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Four members of the MRC Weatherall Institute of Molecular Medicine reached the final of STEM for Britain 2024, where they presented their research to Members of Parliament.

Four women stand smiling in front of a banner, which says "Parliament showcases Britain's future Scientists Technologies Engineers Mathematicians".

STEM for BRITAIN is a major scientific poster competition and exhibition which has been held in Parliament since 1997 and is organised by the Parliamentary & Scientific Committee.

This event is an opportunity for early career researchers to present their work and give members of both Houses of Parliament an insight into the outstanding research projects being undertaken in UK universities.

This year, four members of the MRC WIMM reached the final for the Biological and Biomedical Sciences Exhibition, with one student, Grace Meaker, winning one of five awards in the category:

Jennifer Herrmann, a DPhil student in the Hughes Group (co-supervised by Dr. Rob Beagrie), with her poster "Transcriptional Regulation of Genes Throughout the Cell Cycle". In her project, Jennifer is investigating how genes are regulated in the context of a ubiquitous process such as the cell cycle, and whether cell type-specific genetic elements - in particular, enhancers - are involved in this process.

Grace Meaker, a DPhil student in the Wilkinson Group, presented her poster "Sticky Stem Cells: How PVA Promotes Blood Stem Cell Production". Grace's project is about growing haematopoietic stem cells using PVA-based cultures to inform novel discoveries in how they are regulated.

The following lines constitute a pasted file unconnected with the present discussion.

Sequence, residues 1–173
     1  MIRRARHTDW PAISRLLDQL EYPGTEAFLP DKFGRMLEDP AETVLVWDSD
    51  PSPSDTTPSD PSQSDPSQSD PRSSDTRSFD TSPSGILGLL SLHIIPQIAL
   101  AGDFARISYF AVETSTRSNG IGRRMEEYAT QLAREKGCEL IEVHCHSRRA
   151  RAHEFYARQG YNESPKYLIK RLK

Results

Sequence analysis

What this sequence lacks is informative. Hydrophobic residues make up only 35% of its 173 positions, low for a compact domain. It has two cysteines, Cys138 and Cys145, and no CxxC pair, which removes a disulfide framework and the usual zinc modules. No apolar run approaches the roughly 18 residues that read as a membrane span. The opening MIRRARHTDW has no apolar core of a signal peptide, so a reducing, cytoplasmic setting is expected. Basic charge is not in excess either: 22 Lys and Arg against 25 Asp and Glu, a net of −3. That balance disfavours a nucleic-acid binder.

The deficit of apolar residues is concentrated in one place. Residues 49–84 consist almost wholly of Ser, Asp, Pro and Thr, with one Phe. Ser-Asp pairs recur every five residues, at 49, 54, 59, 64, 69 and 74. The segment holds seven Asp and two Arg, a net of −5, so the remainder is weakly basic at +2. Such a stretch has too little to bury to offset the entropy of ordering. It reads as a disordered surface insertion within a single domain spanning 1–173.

Grace Meaker was awarded the Physiological Society Prize for her poster. Grace said: 

"It was such an honour to have presented and discussed my work on haematopoietic stem cells with senior scientists and MPs and I am very grateful to the Physiological Society who awarded me their prize. There were so many interesting projects presented across the breadth of Biology and Biomedical Sciences and it was such a rewarding day. I'd also like to thank my supervisors Adam Wilkinson and Tom Milne for their unwavering support and expertise. It is such an exciting time to be in stem cell research and I can't wait to see how the field develops!"

Anna Rose, a Clinical Lecturer in Paediatric Oncology, also presented her poster "Beyond the Goldilocks Zone: a New Approach to Treatment of Cancer in Children and Young Adults", which discussed her project on developing new approaches to treat Alternative Lengthening of Telomeres (ALT) cancers, through studying the molecular mechanisms in this cancer type. ALT cancers mainly affect children and young adults and have a very poor prognosis, so developing new treatments is an urgent area of unmet need in oncology. 

Chloe Tubman, a postdoctoral researcher in the Sauka-Spengler Group, presented her poster "Investigating the Molecular and Cellular Basis of Zebrafish Heart Regeneration". In her project, Chloe is investigating the molecular and cellular basis of zebrafish cardiomyocyte regeneration.

Speaking about the event Chloe said:

"[It] was an incredible opportunity to showcase my work in the Houses of Parliament for The Parliamentary & Scientific Committee’s event. I was also able to meet and share my work with my home MP John Healey! It was wonderful to feel that the work of early career researchers in Britain is appreciated and supported by Parliament."

Congratulations to Jennifer, Anna and Chloe for making the final, and to Grace for receiving the Physiological Society Award!

In total, thirteen early career researchers from Oxford reached the finals. Read more here: